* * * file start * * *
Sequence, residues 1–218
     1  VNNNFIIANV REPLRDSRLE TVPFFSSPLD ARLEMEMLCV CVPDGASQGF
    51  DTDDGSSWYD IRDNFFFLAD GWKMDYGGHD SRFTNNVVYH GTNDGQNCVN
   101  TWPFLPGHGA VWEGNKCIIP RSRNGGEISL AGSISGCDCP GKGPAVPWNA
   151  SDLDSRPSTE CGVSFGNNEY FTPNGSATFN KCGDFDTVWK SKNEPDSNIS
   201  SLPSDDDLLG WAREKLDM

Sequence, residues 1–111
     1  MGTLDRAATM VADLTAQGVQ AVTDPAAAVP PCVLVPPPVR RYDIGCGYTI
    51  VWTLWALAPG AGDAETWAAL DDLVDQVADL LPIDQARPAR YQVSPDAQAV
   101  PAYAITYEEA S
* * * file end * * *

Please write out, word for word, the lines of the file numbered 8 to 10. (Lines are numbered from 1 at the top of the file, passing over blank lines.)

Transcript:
     1  MGTLDRAATM VADLTAQGVQ AVTDPAAAVP PCVLVPPPVR RYDIGCGYTI
    51  VWTLWALAPG AGDAETWAAL DDLVDQVADL LPIDQARPAR YQVSPDAQAV
   101  PAYAITYEEA S